siding spring observatory

Cool roof = cool kids

A while back The Cool Roof installed its special roof coating on to the roof of a classroom block at a school, to help keep the classrooms in the block a little cooler for the students and teachers. Here’s a little information we gave to the school and the children on how it all works…


Did you know that 93% of the heat gain in a building is caused by the sun’s rays being converted into heat after being absorbed by the roof? Only the remaining 7% is caused by convection and conduction (by this we mean the actual air temperature itself). So clearly anything that reduces the amount of heat transmitted through the roof is a good thing.

Light colours reflect more than dark colours and are a good choice for anything you don’t want to absorb heat – a white coloured car will remain cooler than a dark one in sunlight and of course you can paint your roof a light colour to eliminate some of the heat being transferred. The only problem is that half of the sun’s total energy is in the form of infrared light, which is not fully reflected by light colours.

Paint company Dulux has developed a coating, called InfraCool, which is able to reflect not only the visible spectrum but also the invisible infrared spectrum, preventing up to 90% of the sun’s light energy from transferring through the roof (using Dulux CoolRoof Commercial White).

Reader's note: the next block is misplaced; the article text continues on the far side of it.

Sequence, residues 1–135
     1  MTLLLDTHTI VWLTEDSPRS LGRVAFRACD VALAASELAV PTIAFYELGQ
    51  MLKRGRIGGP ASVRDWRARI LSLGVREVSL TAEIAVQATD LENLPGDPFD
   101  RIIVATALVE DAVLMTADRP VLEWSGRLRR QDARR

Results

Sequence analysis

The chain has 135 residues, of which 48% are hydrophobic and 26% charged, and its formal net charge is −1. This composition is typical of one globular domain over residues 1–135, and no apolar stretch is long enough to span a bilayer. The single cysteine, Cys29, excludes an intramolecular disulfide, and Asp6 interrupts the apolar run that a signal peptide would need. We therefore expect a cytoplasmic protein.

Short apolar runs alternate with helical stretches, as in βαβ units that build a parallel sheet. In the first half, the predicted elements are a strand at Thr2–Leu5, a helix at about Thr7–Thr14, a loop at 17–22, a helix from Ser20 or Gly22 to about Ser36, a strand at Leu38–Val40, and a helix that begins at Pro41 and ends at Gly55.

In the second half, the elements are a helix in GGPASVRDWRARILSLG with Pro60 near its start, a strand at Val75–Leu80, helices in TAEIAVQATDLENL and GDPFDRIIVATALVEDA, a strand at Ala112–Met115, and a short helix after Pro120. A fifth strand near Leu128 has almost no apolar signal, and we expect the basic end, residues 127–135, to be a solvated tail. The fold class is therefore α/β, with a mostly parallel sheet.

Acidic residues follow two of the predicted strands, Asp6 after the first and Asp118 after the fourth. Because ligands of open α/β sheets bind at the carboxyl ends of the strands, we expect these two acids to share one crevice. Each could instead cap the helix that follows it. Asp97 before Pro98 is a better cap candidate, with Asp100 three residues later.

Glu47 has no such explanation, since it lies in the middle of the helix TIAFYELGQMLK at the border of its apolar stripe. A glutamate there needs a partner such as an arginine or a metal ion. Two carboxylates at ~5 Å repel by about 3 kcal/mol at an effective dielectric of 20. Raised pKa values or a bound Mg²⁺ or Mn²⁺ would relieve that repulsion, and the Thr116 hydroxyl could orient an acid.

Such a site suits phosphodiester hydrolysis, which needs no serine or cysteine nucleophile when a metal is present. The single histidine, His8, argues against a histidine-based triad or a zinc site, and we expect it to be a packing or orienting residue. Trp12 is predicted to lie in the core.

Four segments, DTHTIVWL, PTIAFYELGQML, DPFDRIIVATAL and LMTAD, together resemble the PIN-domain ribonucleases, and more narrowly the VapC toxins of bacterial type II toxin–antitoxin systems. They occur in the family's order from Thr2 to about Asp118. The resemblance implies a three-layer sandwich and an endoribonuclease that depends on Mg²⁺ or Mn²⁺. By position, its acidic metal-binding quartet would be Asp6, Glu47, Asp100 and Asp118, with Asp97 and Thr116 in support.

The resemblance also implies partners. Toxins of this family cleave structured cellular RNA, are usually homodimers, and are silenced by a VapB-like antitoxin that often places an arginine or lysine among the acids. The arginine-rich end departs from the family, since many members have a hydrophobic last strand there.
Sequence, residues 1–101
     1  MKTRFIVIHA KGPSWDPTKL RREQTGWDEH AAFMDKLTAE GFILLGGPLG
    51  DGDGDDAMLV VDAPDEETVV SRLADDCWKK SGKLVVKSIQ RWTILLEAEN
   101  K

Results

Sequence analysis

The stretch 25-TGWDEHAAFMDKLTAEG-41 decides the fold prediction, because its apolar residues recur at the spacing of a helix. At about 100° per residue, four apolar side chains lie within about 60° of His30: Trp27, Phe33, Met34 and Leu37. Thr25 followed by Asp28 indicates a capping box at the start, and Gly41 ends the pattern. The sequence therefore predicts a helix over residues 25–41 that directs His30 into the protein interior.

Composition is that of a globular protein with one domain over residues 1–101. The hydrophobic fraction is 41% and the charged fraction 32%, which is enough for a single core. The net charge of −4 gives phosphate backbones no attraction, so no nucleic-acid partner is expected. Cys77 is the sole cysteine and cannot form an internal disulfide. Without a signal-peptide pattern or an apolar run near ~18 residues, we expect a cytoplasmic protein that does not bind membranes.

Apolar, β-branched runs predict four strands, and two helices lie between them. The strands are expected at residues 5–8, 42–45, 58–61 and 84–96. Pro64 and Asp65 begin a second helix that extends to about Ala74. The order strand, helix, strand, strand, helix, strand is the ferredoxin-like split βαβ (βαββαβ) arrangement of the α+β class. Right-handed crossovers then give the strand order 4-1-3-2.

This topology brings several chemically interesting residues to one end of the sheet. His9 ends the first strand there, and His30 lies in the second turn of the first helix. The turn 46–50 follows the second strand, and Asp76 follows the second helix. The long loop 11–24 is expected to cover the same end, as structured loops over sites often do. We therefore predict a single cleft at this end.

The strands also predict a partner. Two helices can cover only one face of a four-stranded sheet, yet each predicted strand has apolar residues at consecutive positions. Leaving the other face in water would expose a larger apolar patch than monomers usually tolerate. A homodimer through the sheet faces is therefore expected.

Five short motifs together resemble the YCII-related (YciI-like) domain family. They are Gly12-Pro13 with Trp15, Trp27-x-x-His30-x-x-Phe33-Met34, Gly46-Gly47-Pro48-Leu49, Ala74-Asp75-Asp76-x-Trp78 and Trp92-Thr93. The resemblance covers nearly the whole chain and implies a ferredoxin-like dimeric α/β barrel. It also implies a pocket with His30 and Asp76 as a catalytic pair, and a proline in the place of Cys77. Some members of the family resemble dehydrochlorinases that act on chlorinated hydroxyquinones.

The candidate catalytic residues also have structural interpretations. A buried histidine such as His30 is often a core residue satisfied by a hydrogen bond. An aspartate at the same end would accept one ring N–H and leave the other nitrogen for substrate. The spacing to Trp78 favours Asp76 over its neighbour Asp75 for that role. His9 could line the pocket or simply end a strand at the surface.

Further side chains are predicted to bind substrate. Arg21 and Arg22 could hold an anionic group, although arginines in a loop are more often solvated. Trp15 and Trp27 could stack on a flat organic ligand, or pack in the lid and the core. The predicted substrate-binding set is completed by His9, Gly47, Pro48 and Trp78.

And although there are other ways of maintaining a lower inside temperature such as air conditioning and roof insulation, the good thing about a reflective coating on the roof is that it stops the heat transfer at the roof surface, preventing the roof from superheating and ‘loading’ heat on the building’s insulation or air conditioning.

Coating the roof is also the best option for the environment: the term ‘heat island’ describes built up areas – cities – that are hotter than nearby rural areas: the annual mean air temperature of a city with 1 million people or more can be 1-3C warmer than its surroundings and in the evening the difference can be as high as 12C as absorbed heat is released back into the atmosphere as the temperature cools. Heat islands can increase summertime peak energy demand, air conditioning costs, air pollution and greenhouse gas emissions.

The technology works on almost all roof surfaces, and has been installed on a very wide variety of buildings, from shopping centres to factories and industrial buildings to people’s houses. It’s also keeping astronomers cool in Australia’s largest observatory at Siding Spring Observatory in Coonabarabran!


 

Image source: http://oldweb.aao.gov.au/

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